CHP is independently fueled and operated, hence immune to the technical disruptions of transmission system, including those connected to extreme weather. So mCHP eases grid congestion when demand for electricity is high (Jentsch et al., 2014). Moreover, by producing electricity onsite, the technology also avoids transmission and distribution losses that occur when electricity travels over power lines.
Each mCHP unit could reduce annual CO2 household emissions by up to 2.1 tonnes when compared to a condensing boiler (US Environmental Protection Agency, 2014). The UK statistics shows that within 2015 – 2017 the annual average carbon savings due to CHP against all fossil fuels were 11,2 MtCO2 (Department for Business, Energy & Industrial Strategy, 2018).
As 14 – 18 million of the UK households are suitable for mCHP units and the country’s small businesses were accounted to 5,6 million, a huge potential exists in contributing to the UK commitments on 80% carbon reduction by 2050 via promotion of the technology (Ecuity Consulting, 2013).
However, mCHP has also its downsides. First of all, while using a fossil fuel input source, the technology could not be considered an ultimately sustainable solution for the long term.
It was also revealed that under some circumstances the alternative technologies like heat pumps not only produce less CO2 than CHP, but are more likely to be utilized due to the higher penetration of renewables like wind, hydropower or nuclear power plants (Faramarz, S. 2014).
Hence, mCHP rather helps to slow the rate of carbon emissions with substantial energy savings in situations where more sustainable options are not available or affordable.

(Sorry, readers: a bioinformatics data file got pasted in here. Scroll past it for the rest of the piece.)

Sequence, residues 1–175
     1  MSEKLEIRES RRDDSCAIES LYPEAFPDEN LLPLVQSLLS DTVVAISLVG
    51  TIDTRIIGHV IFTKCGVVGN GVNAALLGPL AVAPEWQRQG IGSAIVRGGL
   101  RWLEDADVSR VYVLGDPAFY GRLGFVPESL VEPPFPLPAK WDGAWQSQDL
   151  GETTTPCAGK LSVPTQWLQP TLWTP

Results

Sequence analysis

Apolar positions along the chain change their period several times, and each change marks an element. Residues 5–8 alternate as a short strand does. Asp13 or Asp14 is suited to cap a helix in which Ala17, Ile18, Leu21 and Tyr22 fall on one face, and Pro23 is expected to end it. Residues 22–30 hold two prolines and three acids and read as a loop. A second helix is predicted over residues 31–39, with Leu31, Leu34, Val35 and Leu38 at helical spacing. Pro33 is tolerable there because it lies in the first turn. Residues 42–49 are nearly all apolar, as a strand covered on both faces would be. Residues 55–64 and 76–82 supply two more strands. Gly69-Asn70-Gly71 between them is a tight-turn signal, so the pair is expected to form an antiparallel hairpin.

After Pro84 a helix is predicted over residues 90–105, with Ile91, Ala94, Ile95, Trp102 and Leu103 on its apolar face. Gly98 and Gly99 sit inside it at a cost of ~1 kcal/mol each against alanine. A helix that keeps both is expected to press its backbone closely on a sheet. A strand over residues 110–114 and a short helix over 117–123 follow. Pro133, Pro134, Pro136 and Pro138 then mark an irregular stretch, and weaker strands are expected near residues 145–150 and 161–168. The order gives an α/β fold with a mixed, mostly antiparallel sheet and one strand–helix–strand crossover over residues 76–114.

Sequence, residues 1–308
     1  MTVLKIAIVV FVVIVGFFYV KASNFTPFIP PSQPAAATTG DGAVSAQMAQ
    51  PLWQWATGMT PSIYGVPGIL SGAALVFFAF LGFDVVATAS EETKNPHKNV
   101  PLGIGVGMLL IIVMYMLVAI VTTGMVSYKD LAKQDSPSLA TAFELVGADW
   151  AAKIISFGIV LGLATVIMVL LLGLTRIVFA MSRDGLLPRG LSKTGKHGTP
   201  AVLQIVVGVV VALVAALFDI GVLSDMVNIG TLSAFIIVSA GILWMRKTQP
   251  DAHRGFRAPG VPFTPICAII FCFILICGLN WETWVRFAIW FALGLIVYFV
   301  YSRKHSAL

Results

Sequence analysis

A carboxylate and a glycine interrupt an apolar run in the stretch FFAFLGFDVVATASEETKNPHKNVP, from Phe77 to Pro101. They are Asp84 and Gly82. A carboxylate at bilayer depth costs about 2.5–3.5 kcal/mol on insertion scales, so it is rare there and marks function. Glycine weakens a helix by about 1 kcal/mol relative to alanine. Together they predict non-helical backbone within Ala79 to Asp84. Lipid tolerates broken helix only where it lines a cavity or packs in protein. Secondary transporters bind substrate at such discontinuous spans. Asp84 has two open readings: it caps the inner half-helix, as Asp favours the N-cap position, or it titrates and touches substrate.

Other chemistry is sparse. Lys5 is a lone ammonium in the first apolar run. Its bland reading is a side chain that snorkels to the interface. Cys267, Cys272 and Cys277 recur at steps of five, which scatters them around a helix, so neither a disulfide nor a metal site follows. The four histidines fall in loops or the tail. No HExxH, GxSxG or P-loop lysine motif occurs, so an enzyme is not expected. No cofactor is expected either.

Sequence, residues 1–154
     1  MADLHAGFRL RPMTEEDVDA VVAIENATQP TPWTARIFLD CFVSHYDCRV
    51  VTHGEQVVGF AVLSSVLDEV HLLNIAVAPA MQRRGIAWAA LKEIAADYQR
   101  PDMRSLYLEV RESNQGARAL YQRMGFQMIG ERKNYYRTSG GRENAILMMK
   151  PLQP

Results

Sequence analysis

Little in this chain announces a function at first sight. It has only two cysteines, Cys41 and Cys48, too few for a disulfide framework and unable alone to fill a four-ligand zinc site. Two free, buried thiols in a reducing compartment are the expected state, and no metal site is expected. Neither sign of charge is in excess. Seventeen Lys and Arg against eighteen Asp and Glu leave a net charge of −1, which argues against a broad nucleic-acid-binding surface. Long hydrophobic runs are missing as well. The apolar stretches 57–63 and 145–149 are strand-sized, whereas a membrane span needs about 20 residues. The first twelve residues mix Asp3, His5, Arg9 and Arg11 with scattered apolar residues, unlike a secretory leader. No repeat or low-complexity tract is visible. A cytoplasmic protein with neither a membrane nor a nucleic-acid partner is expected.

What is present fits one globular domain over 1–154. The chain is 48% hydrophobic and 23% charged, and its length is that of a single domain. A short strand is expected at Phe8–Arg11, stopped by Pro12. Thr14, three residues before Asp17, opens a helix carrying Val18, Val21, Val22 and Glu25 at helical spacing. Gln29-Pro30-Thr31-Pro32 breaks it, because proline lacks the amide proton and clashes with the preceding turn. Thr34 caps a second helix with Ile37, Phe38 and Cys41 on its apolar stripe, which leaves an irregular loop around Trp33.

Another mCHP disadvantage is its costliness. At present, deployment of mCHP unit requires initial investment up to 10 thousand pounds. This is the main reason why there were only 1,438 CHP schemes in operation in the UK in 2017 (Carbon Trust, 2018).
Nevertheless, mCHP is expected to have greater future demand as more affordable CHP technologies (e.g. fuel cells) further develop in the country. This could be evidenced by the learning curve of Korea showing almost 20 times drop in mCHP price once there is an increase in the volumes of manufacture and respective sales (Graph 2).
Graph 2: Micro-CHP prices and volumes in Korea within 2010 – 2020 (projections included) Source: JDS Associates, 2011
Based on all the above mentioned it could be stated that CHP is cost-effective and timely option for the UK now, though there are some flaws.
In a time when there seems to be huge industry focus on renewable technologies, whether they are generating electricity or heat, mCHP could play its part as solution in the UK Energy Trilemma: increase national energy security, achieve the UK carbon emissions targets, and ensure affordability of energy supply for all end users, particularly those from low income groups.
Cite this essay
The CHP Technology. (2019, Dec 15). Retrieved from https://studymoose.com/the-chp-technology-essay